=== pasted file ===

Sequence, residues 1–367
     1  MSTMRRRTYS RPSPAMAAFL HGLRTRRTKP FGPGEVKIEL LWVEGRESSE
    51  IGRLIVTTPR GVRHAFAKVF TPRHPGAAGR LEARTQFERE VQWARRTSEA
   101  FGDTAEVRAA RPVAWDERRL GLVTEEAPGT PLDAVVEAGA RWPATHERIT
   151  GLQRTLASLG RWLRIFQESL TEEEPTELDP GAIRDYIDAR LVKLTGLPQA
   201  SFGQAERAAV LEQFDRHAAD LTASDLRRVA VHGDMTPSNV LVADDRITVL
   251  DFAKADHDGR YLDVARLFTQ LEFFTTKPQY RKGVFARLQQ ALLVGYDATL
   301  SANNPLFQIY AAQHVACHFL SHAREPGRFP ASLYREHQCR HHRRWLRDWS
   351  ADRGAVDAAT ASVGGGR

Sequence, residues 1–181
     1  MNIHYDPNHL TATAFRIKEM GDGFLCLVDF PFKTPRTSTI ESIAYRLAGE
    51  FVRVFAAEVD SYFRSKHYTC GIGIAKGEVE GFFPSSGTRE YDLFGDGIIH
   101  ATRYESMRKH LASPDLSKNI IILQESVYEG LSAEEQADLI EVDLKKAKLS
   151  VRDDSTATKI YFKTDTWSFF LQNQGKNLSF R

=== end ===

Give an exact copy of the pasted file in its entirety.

Sequence, residues 1–367
     1  MSTMRRRTYS RPSPAMAAFL HGLRTRRTKP FGPGEVKIEL LWVEGRESSE
    51  IGRLIVTTPR GVRHAFAKVF TPRHPGAAGR LEARTQFERE VQWARRTSEA
   101  FGDTAEVRAA RPVAWDERRL GLVTEEAPGT PLDAVVEAGA RWPATHERIT
   151  GLQRTLASLG RWLRIFQESL TEEEPTELDP GAIRDYIDAR LVKLTGLPQA
   201  SFGQAERAAV LEQFDRHAAD LTASDLRRVA VHGDMTPSNV LVADDRITVL
   251  DFAKADHDGR YLDVARLFTQ LEFFTTKPQY RKGVFARLQQ ALLVGYDATL
   301  SANNPLFQIY AAQHVACHFL SHAREPGRFP ASLYREHQCR HHRRWLRDWS
   351  ADRGAVDAAT ASVGGGR

Sequence, residues 1–181
     1  MNIHYDPNHL TATAFRIKEM GDGFLCLVDF PFKTPRTSTI ESIAYRLAGE
    51  FVRVFAAEVD SYFRSKHYTC GIGIAKGEVE GFFPSSGTRE YDLFGDGIIH
   101  ATRYESMRKH LASPDLSKNI IILQESVYEG LSAEEQADLI EVDLKKAKLS
   151  VRDDSTATKI YFKTDTWSFF LQNQGKNLSF R